Your Brain Is More Powerful Than All The Computers On Earth
The human brain is truly awesome. I have a friend who is very clever. Smart. Gifted. In fact, he's the person who put this website together for me. I often wonder through what genetic set of circumstances, was this guy able to do things, to see things, to imagine things that I would struggle to accomplish. Is it just learning? Is it an interest in computing; in teaching? I have no idea. All I know is that when Rick starts to get excited over programming code and writing code, I struggle to keep my eyes from glazing over.
The answer is in the brain. Between your ears. Whether through nature or nurture, our minds are capable of the most amazing feats imaginable.
A typical, healthy one houses some 200 billion nerve cells, which are connected to one another via hundreds of trillions of synapses. Each synapse functions like a microprocessor, and tens of thousands of them can connect a single neuron to other nerve cells. In the cerebral cortex alone, there are roughly 125 trillion synapses, which is about how many stars fill 1,500 Milky Way galaxies.
These synapses are, of course, so tiny (less than a thousandth of a millimetre in diameter) that humans haven't been able to see with great clarity what exactly they do and how, beyond knowing that their numbers vary over time. That is until now.
Researchers at the Stanford University School of Medicine have spent the past few years engineering a new imaging model, which they call array tomography, in conjunction with novel computational software, to stitch together image slices into a three-dimensional image that can be rotated, penetrated and navigated. Their work appears in the journal Neuron this week.
To test their model, the team took tissue samples from a mouse whose brain had been bioengineered to make larger neurons in the cerebral cortex express a fluorescent protein (found in jellyfish), making them glow yellow-green. Because of this glow, the researchers were able to see synapses against the background of neurons.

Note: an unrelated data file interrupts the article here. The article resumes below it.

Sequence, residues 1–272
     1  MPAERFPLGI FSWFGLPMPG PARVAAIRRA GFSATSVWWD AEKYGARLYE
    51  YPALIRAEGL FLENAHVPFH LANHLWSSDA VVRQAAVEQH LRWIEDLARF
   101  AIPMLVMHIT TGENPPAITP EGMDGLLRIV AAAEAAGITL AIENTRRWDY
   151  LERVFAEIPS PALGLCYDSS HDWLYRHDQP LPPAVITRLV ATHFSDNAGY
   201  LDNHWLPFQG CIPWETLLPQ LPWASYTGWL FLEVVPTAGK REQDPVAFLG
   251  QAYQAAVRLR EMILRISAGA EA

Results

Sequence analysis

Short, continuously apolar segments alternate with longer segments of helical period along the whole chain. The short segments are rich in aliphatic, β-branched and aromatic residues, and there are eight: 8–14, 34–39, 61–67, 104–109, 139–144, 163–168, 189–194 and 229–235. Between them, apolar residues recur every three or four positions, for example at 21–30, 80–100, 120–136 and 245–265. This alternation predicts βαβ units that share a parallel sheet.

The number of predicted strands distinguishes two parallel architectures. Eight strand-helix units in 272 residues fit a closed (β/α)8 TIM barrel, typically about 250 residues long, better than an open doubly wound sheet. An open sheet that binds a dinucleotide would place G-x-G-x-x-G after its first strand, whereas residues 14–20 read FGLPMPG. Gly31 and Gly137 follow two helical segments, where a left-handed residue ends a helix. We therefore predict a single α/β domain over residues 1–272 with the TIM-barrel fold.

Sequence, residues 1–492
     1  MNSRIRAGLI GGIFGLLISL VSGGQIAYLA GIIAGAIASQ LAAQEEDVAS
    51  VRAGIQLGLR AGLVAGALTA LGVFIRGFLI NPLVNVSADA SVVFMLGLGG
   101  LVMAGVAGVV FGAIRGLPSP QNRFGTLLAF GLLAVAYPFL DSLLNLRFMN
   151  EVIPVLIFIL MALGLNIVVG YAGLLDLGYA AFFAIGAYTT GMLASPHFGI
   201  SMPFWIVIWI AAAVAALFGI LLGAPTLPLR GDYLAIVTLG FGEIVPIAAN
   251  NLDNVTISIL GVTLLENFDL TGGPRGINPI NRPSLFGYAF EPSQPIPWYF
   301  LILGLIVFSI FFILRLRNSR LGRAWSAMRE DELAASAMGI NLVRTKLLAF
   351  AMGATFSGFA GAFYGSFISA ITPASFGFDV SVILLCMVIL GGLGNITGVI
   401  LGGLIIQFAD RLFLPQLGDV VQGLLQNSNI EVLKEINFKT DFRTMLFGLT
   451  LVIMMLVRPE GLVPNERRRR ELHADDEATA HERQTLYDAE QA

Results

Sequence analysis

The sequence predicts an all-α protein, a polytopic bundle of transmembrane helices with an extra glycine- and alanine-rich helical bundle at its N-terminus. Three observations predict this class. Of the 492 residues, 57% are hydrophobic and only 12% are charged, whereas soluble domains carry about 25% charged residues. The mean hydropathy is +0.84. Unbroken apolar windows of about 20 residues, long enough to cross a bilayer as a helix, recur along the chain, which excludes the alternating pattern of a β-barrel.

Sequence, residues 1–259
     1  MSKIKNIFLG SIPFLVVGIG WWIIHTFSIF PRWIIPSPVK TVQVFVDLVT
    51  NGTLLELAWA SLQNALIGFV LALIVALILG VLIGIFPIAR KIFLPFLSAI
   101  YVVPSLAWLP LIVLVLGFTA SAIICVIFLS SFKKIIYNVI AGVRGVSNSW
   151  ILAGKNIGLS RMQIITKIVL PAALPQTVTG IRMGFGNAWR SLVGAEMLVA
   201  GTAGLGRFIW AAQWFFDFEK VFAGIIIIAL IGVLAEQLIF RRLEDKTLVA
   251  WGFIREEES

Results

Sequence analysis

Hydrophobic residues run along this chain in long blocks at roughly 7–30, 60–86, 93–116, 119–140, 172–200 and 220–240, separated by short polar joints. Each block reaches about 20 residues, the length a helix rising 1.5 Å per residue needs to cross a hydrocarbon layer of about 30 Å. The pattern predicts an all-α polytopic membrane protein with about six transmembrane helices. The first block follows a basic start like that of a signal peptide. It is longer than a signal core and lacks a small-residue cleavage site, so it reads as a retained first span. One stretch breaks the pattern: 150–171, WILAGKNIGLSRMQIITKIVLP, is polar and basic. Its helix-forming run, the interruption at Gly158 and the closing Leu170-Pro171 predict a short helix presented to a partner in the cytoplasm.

They found that the brain's complexity is beyond anything they'd imagined, almost to the point of being beyond belief, says Stephen Smith, a professor of molecular and cellular physiology and senior author of the paper describing the study:
One synapse, by itself, is more like a microprocessor -- with both memory-storage and information-processing elements -- than a mere on/off switch. In fact, one synapse may contain on the order of 1,000 molecular-scale switches. A single human brain has more switches than all the computers and routers and Internet connections on Earth.
Smith adds that this gives us a glimpse into brain tissue at a level of detail never before attained: "The entire anatomical context of the synapses is preserved. You know right where each one is, and what kind it is."
While the study was set up to demonstrate array tomography's potential in neuroscience (which is starting to resemble astronomy), the team was surprised to find that a class of synapses that have been considered identical to one another actually contain certain distinctions. They hope to use their imaging model to learn more about those distinctions, identifying which are gained or lost during learning, after experiences such as trauma, or in neurodegenerative disorders like Alzheimer's.
In the meantime, the researchers Smith and Micheva are starting a company that is gathering funding for future work, and Stanford's Office of Technology Licensing has obtained a U.S. patent on array tomography and filed for a second. Watch this space................
The whole session appeared to be a waste of time.... nothing appeared to be working properly. I didn't lose consciousness. I didn't go into a trance, or at least I didn't think I did, and yet after that session, not only did I stop smoking but I actually enjoyed the process. Allen Carr (an extract from Easy Way to Stop Smoking).